jQuery Autosuggest plugin
JavaScript
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README.md

TagDragon - jQuery Autosuggest plugin

TagDragon in action TagDragon in action

Note: TagDragon used to be a mandatory donationware jQuery plugin. As of now it is free, donated to the community to use, fork and improve. Support by the original author is limited. Use as you wish.

Introduction

Tagdragon is a simple, robust and configurable autosuggest plugin that allows you to easily implement auto suggest or type-ahead functionality on your web page.

The basic working of the plugin is to assign it to an input or textarea element on your web page and to link it to a back-end JSON service that provides the suggestions. There are several options to configure the exact behavior. In addition, the control can run in default mode, where a dropdown-like control is rendered, or in override mode, where you can completely overrule the rendering of the output of the returned suggestions.

Features

  • Single value, multiple value, free value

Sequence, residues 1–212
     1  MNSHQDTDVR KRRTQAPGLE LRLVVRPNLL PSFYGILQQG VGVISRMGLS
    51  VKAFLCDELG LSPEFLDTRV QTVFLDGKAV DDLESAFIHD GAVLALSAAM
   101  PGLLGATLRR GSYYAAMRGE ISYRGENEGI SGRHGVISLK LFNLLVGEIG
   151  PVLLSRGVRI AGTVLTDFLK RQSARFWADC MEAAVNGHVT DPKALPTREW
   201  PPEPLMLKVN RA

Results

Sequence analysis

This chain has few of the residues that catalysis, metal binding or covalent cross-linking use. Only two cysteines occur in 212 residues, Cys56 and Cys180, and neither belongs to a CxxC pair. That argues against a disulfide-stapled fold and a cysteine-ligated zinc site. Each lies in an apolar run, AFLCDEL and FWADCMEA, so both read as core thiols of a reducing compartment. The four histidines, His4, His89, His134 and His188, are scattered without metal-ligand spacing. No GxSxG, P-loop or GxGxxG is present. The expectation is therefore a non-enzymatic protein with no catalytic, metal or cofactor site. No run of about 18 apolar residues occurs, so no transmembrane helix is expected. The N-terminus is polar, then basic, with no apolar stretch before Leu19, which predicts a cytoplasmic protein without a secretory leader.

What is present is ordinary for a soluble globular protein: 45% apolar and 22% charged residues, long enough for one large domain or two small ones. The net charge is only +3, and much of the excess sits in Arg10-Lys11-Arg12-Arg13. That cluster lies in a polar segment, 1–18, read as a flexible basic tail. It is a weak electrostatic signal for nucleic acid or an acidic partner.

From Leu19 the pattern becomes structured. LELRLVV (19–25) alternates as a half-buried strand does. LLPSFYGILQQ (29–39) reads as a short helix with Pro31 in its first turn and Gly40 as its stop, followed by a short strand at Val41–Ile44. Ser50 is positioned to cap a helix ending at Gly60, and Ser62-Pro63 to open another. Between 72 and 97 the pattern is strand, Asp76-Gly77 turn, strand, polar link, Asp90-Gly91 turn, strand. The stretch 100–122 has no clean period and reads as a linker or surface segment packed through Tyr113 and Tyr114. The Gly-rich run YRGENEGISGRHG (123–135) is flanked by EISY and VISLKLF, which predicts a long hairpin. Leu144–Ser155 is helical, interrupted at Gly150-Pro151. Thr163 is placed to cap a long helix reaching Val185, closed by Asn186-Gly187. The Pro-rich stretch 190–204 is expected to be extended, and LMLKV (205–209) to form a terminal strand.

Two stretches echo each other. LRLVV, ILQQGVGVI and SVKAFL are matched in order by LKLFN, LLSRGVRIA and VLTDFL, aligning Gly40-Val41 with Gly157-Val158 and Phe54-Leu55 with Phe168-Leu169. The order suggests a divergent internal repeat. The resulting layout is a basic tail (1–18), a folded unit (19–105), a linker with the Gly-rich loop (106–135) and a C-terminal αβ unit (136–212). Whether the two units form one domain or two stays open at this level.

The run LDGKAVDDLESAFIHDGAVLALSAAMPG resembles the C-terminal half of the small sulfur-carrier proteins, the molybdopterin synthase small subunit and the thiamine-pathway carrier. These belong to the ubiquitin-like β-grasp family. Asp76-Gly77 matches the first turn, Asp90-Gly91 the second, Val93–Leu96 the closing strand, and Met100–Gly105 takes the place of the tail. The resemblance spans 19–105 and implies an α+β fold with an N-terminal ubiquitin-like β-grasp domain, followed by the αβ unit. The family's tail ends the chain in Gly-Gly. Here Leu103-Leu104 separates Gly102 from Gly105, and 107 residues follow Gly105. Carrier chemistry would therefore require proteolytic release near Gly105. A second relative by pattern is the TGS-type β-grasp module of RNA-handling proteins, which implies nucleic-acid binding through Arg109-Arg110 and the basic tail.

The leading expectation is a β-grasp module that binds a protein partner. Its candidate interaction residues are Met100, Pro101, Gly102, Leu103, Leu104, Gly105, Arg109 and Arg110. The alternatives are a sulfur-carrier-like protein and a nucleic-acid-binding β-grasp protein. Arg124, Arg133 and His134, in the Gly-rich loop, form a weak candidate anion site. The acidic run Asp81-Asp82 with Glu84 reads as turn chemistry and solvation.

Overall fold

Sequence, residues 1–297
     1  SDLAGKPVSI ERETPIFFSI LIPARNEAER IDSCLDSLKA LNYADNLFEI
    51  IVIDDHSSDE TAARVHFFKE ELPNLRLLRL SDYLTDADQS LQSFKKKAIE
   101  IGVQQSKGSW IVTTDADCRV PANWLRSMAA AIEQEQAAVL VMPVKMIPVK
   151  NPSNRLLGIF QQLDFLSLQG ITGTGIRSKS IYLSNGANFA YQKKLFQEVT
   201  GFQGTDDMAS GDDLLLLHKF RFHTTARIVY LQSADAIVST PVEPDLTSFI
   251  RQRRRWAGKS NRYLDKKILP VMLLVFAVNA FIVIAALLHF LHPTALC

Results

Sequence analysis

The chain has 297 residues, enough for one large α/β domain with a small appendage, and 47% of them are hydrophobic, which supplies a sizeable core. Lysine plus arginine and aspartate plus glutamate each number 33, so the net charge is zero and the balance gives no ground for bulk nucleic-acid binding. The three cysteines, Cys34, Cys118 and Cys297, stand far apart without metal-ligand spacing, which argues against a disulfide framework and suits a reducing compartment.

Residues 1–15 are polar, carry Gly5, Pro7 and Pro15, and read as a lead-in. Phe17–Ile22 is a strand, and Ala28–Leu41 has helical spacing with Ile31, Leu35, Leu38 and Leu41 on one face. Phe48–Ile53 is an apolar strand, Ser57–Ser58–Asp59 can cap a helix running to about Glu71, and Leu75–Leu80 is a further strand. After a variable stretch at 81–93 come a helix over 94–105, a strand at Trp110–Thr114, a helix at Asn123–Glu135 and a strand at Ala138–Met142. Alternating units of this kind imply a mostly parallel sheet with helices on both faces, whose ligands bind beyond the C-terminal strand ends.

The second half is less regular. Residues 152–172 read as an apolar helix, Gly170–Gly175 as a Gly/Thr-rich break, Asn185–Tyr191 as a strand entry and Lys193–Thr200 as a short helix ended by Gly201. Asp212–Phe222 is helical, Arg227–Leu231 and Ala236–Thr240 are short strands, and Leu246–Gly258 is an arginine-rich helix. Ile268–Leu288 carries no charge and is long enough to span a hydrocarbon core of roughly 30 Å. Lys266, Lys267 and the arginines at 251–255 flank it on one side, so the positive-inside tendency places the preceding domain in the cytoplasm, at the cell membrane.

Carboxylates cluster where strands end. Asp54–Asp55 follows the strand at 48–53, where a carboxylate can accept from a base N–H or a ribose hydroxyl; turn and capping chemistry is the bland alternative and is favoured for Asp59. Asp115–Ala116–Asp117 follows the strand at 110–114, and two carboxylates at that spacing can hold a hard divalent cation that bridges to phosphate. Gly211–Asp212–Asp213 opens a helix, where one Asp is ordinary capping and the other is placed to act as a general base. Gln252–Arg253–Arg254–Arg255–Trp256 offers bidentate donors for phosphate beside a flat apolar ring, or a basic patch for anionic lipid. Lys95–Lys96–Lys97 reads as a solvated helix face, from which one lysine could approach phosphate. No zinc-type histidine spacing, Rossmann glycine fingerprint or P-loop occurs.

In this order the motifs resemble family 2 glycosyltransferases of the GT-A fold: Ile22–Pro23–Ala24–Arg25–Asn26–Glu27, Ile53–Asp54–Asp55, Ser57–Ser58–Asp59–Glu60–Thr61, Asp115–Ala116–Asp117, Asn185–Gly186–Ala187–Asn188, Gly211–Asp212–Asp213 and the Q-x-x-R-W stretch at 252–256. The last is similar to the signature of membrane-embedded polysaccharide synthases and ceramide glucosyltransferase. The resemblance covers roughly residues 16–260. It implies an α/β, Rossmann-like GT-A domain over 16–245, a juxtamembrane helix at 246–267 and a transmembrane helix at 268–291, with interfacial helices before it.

• Works for input boxes and text areas
  • Just one line of Javascript
  • Lightweight library (<5K)
  • Easy to style
  • Superb cross browser support
  • Full Unicode support
  • Keyboard navigation
  • Easy to integrate into any back-end
  • Does not conflict with other plugins
  • Gracefully handles disabled Javascript
  • Slim markup, no trickeries
  • Allows for multiple controls per page
  • Configurable value seperator
  • Configurable caching
  • Configurable delay
  • Configurable result limit
  • Configurable minimum characters
  • Configurable postdata
  • Rich callback API for even more control
  • Alternate rows

Usage

Basic usage of TagDragon is to include the correct markup, load the library, and make a single javascript call.

HTML